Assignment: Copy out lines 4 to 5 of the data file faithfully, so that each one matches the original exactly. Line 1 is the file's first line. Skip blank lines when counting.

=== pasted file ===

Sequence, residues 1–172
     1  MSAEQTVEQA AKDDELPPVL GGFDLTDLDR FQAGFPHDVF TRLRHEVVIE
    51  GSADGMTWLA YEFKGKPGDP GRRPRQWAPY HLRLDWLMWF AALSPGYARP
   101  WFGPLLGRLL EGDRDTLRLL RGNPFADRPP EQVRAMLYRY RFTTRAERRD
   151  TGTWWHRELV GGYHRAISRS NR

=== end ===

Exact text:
   101  WFGPLLGRLL EGDRDTLRLL RGNPFADRPP EQVRAMLYRY RFTTRAERRD
   151  TGTWWHRELV GGYHRAISRS NR